(c) 2017 Rodney M Bliss, all rights reserved 

I Used My Phone At Dinner Because It Would Be Rude Not To

The business dinner included 16 people, half of whom I was meeting for the first time. We were mostly competitors, invited to Sacramento by our common client. It was the first time the client had invited all of us to the same event. This was the dinner the night before our conference. The setup was that awkward two sided table, eight people down one side and eight down the other. You basically could talk to the four or five people right around you.

Overall the dinner went well. The mood was light and congenial. We each told not too embarrassing stories and slowly got to know each other. Jacob worked for the client and he was on call. His phone rang. As he came back to the table, he mentioned,

Agents are reporting an issue with posting notes to a record. Just the travel agents.

As suppliers, we each owned different types of calls from the client. I was one of the bigger suppliers. We had all types of agents, including travel agents.

I pulled out my phone and sent an email to all of my supervisors.

Could you check with our travel agents and see if they are having an issue posting notes. Let me know.

-Rodney

Several other suppliers who had travel agents also pulled out their phones. Some had travel, others were simply checking to see if the problem was wider spread. One of the surprising things was how natural the conversation continued at the table.

We each told stories of getting calls from the client at all times of the night and day. We all had examples of how we simply keep going about our lives during outage phone calls. The only one who really had an issue at dinner was Jacob. As the client, he had to join a conference call. I got email back from my supervisors.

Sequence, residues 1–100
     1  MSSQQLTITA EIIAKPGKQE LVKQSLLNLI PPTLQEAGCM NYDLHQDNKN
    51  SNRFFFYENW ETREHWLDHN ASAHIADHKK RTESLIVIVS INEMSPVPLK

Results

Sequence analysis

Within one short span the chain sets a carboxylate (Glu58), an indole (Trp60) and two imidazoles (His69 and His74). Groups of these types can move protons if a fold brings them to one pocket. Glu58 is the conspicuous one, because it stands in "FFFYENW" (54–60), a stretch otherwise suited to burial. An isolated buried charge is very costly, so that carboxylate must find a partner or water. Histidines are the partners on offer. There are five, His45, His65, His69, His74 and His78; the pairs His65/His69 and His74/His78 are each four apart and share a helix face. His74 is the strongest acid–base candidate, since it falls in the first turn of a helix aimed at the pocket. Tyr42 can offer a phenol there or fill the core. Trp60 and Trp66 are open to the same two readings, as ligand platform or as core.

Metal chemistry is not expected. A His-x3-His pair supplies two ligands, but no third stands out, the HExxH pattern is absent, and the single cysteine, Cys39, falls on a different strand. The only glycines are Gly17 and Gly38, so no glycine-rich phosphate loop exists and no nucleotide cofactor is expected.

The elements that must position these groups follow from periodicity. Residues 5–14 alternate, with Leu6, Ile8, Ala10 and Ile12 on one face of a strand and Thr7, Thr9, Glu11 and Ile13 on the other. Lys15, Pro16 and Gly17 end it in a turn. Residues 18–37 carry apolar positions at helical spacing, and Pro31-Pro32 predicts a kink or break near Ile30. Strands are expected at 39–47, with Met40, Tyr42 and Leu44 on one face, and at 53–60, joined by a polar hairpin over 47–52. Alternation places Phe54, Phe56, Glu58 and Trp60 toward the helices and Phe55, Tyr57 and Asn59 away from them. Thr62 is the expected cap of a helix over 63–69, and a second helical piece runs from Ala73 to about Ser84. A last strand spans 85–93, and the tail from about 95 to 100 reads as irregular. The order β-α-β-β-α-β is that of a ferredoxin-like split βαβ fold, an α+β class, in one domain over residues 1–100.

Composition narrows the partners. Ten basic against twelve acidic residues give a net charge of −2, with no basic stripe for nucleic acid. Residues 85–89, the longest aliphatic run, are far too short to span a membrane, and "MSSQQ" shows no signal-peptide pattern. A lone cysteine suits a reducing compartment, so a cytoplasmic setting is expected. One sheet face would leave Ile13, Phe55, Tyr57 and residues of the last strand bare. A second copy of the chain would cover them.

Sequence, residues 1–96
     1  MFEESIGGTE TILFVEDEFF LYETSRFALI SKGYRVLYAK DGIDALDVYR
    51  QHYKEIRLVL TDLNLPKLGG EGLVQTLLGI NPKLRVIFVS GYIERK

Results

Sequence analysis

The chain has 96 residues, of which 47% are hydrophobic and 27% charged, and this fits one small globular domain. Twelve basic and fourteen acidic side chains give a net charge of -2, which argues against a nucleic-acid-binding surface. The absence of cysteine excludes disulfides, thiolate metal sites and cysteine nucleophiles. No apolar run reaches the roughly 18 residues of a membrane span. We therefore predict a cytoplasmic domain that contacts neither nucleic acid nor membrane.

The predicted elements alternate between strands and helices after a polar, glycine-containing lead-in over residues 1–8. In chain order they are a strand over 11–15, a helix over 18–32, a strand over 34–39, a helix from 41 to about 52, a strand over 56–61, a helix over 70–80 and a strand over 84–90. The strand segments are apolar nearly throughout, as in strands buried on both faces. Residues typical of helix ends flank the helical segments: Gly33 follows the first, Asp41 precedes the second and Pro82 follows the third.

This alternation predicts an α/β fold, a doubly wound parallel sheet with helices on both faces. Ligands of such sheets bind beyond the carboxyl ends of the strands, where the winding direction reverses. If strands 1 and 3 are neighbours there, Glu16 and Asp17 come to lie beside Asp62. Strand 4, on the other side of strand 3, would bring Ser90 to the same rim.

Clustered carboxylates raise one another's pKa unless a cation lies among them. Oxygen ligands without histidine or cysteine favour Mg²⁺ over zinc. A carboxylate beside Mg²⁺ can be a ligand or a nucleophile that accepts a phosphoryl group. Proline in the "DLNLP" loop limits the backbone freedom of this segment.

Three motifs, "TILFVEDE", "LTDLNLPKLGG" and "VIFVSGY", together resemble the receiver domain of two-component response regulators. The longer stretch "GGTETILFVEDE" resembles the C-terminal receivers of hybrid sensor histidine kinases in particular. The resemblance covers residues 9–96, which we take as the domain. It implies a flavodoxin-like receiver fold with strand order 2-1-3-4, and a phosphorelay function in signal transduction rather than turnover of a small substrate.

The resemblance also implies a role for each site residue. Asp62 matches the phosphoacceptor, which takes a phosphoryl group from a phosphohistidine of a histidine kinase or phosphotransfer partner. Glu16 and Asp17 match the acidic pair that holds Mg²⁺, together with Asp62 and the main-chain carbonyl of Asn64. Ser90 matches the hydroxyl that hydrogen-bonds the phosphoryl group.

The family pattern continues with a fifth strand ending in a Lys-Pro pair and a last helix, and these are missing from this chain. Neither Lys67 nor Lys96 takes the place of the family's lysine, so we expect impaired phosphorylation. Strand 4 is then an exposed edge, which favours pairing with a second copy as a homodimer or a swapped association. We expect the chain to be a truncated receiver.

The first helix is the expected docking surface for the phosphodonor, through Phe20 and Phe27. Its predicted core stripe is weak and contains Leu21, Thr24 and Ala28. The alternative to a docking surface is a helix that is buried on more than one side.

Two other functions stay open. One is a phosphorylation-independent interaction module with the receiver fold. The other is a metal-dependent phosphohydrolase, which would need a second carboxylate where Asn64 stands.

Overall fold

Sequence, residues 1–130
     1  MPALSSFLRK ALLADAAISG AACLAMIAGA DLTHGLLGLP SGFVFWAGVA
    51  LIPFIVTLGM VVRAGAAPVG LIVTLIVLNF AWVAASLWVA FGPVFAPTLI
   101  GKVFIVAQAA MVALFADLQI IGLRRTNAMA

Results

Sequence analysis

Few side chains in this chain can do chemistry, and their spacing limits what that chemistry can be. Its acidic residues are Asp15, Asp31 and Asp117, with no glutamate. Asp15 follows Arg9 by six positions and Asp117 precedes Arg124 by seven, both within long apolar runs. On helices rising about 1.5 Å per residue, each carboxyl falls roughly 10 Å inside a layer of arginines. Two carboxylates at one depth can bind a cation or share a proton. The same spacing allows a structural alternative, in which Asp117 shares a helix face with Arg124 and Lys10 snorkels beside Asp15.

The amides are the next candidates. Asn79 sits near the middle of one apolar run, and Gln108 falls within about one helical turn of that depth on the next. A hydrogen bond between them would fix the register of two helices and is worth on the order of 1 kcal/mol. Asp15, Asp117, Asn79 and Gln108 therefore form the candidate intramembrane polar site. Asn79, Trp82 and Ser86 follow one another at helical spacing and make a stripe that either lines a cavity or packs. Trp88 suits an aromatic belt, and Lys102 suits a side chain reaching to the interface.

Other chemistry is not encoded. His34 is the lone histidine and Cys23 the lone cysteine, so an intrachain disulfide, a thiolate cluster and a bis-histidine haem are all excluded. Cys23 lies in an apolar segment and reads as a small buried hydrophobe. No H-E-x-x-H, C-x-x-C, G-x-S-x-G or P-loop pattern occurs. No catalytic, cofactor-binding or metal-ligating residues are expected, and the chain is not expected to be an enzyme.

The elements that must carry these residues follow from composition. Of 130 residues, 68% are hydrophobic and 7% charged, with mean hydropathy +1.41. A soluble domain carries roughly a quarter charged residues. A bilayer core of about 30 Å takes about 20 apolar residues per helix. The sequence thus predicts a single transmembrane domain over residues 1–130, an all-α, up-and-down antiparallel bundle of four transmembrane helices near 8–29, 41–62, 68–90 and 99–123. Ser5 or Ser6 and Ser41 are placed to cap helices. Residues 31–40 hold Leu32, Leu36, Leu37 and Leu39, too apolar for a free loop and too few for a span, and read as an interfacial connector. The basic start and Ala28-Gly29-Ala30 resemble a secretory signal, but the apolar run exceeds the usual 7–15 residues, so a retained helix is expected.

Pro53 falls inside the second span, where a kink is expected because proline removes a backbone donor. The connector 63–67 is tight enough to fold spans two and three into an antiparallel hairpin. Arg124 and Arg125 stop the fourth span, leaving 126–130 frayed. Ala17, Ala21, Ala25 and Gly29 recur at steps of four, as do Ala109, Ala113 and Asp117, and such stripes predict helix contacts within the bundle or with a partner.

We are seeing this issue, but it’s very low volume, maybe 10 calls today. Please advise

I checked with Jacob. His team was working on it, but it didn’t appear to be high enough volume for us to worry about opening our own call. I replied to my production floor.

Let’s just monitor it for now. No need to escalate. If it gets worse, let me know.

I set my phone down face up next to my plate. As emails came in, I scanned to see if our issue was getting worse. In the mean time, I enjoyed the Mexican food and the conversation. All around the table, people placed their own phones within easy reach.

You know those “detox” camps where people have to give up their cell phones and they end up going through withdrawls? Yeah, I hate those people. I can’t wait for a job where I don’t have to be tied to my phone.

There were knowing nods around the table. This group more than most understood how rude it would be if we refused to use our phones during dinner.

Rodney M Bliss is an author, columnist and IT Consultant. His blog updates every weekday. He lives in Pleasant Grove, UT with his lovely wife, thirteen children and grandchildren. 

Follow him on
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or email him at rbliss at msn dot com

(c) 2017 Rodney M Bliss, all rights reserved 

How A ‘Can’t Lose’ Lost

Three months. For three months, I’d been planning it. And no matter how I looked at it, I couldn’t see a way to lose. No matter what the other guy tried, I was going to win. I replayed the scenario over and over in my mind, looking for any flaw in my strategy. I was going to win. It was going to be great.

I was right and very, very wrong.

I’ve recently started playing a game called Star Trek Attack Wing. The game is fun, especially if you’re a fan of the Star Trek series and movies. The game is simple, and very complex. You pick a ship, or serveral ships. You pick a captain, crew members, weapons and any tech upgrades. Then, you put your fleet against your opponent’s fleet in a 36″ x 36″ play area. Of course, there are attack dice that cause damage to your opponent, defense dice that help keep you from taking damage, movement options and several Star Trek specific features, like cloaking or “warp drive.”